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Afghanistan's Ghani Escapes Election Violence That Killed 24


Afghan police inspect the site of a suicide attack, in Parwan province of Afghanistan, Sept. 17, 2019.

Afghanistan’s President Ashraf Ghani escaped an attack on his campaign rally in Parwan province that killed 24 people and wounded more than 30 others Tuesday.

The president was about to address the rally when a suicide bomber on a motorcycle detonated his explosives near the military facility where the gathering was held. Nasrat Rahimi, a spokesman for Afghan Ministry of Interior, tweeted that no one inside the building was harmed and the rally continued after the incident.

Qasim Sangeen, the head of Parwan provincial hospital told VOA bodies of the dead and wounded had been taken to a provincial hospital.

The Afghan Taliban have taken responsibility for the attack, warning people to stay away from rallies and election related gatherings, promising to carry out further attacks on election activity.

“If despite the warnings they go to such meetings and get harmed, it is their responsibility,” a message from Taliban spokesman Zabiullah Mujahid said.

The Taliban also claimed responsibility for a bombing attack just hours later near the U.S. Embassy in the capital, Kabul, killing 22 people.

Afghan security forces work at the site of a suicide attack near the U.S. Embassy in Kabul, Afghanistan, Sept. 17, 2019.
Afghan security forces work at the site of a suicide attack near the U.S. Embassy in Kabul, Afghanistan, Sept. 17, 2019.

Afghans are expecting a higher level of violence in the run up to the Sept. 28 election due to a breakdown in peace talks between the United States and Taliban earlier this month.

The insurgent group has intensified its regional outreach, taking a trip first to Moscow and more recently to Iran.

“The main purpose was to explain our position on the recent developments in the peace process and the agreement that has already been completed,” said Taliban spokesman Suhail Shaheen, referring to an agreement between the insurgents and a U.S. team led by Special Representative on Afghanistan Reconciliation Zalmay Khalilzad.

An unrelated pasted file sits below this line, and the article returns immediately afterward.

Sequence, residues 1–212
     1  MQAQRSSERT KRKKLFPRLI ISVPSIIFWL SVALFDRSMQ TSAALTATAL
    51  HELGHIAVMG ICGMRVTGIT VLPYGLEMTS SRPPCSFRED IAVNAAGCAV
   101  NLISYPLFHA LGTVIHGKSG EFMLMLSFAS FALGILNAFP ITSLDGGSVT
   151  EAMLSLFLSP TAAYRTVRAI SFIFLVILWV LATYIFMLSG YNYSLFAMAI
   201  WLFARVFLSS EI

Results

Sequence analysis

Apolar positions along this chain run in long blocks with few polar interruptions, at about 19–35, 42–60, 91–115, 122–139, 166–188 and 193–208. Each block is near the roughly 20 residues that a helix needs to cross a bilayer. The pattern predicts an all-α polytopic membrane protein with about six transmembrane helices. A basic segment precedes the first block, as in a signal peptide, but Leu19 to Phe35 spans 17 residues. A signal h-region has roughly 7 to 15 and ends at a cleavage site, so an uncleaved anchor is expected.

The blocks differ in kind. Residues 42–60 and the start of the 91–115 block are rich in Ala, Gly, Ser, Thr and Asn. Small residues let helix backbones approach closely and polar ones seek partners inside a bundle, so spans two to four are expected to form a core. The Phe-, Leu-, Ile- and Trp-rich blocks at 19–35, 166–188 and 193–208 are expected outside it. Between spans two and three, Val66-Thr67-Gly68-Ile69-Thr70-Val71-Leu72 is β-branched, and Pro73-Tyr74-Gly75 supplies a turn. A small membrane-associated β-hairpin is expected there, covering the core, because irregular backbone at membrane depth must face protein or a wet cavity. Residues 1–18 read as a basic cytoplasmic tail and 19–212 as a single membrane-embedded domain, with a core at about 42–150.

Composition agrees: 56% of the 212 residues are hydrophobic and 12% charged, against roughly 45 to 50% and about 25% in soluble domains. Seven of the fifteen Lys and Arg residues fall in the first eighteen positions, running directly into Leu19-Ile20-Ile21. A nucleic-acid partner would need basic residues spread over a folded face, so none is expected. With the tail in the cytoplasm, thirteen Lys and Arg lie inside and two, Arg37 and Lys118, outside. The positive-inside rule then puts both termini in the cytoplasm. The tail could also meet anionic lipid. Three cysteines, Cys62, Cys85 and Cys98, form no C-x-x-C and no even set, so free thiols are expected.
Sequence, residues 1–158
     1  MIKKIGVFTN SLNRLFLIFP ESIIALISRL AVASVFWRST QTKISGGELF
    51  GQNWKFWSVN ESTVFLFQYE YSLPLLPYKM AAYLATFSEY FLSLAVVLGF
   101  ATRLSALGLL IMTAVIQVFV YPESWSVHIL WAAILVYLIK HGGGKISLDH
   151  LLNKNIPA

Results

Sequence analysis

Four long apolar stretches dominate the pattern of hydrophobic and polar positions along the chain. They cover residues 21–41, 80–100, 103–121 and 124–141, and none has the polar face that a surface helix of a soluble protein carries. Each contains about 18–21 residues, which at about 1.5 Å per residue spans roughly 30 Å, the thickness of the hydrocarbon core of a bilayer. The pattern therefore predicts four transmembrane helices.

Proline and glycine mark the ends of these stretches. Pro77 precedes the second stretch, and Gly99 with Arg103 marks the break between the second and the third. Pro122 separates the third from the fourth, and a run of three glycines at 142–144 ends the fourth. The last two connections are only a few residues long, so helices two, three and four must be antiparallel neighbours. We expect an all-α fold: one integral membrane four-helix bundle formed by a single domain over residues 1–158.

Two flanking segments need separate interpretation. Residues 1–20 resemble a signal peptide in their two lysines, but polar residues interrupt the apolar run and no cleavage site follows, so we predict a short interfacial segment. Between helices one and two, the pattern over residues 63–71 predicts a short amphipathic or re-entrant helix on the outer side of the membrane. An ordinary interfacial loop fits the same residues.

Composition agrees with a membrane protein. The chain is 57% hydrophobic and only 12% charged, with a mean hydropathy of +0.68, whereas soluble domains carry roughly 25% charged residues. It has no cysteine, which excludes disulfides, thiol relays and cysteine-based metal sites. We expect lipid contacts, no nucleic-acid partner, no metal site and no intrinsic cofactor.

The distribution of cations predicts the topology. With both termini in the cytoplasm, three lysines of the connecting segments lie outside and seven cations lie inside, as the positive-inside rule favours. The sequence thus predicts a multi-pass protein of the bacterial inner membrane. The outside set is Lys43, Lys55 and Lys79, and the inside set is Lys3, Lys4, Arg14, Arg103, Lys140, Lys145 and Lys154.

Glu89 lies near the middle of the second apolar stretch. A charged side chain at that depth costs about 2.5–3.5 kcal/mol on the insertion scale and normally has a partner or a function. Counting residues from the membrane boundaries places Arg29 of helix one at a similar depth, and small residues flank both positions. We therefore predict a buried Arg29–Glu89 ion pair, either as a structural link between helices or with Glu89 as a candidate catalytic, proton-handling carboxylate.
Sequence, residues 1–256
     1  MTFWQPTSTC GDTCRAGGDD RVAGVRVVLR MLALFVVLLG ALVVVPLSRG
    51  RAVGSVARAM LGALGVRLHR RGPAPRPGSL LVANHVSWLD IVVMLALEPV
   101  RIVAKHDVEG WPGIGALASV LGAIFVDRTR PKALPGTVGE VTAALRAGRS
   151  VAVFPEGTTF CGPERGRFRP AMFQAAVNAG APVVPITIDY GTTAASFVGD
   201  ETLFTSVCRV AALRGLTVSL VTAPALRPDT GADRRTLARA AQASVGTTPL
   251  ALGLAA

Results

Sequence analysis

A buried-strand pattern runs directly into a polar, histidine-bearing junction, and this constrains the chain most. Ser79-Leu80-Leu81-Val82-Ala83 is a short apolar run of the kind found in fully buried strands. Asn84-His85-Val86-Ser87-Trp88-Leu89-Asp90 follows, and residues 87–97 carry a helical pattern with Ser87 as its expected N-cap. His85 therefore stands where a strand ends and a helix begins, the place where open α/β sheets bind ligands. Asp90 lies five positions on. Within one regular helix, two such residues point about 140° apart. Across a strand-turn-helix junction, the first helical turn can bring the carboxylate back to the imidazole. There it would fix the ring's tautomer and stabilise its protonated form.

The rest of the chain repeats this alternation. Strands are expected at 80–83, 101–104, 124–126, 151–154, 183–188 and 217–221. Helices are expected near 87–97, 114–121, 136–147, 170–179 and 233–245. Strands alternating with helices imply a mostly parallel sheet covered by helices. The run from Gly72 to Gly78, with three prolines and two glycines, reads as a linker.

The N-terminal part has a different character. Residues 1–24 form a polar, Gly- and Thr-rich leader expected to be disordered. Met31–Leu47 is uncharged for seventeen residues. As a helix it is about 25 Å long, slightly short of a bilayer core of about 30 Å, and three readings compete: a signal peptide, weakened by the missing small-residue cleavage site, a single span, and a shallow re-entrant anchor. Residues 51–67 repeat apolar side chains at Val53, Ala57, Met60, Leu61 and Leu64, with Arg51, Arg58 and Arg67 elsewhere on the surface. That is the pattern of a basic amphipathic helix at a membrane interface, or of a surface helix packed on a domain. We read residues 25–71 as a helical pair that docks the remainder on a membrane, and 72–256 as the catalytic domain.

Khalilzad had indicated that the two sides had agreed “in principle” to a deal and that he was waiting for his boss, President Donald Trump, to approve it. As both sides waited for a date to be announced for the formalization of the agreement, President Trump unexpectedly tweeted that the talks were over because of a Taliban attack that had killed a U.S. soldier.

The peace talks had continued after previous U.S. solider deaths in Afghanistan.

Shaheen, the Taliban spokesman, said the group had little idea why the U.S. backed out, saying that they contacted Khalilzad’s team after the tweet.

“We wanted them to tell us why they finalized everything and agreed to sign it within a week, and quite unexpectedly backed out,” he said, adding that they did not receive an answer.

Still, he added that his side was willing to sign the already negotiated deal if the U.S. changed its mind but would continue to fight if the U.S. wanted to continue the war.

He also confirmed that they were in touch with other countries as well, like China and European and Central Asian countries, and would visit them if invited

“Regional countries want to know what happened, and why?” he said.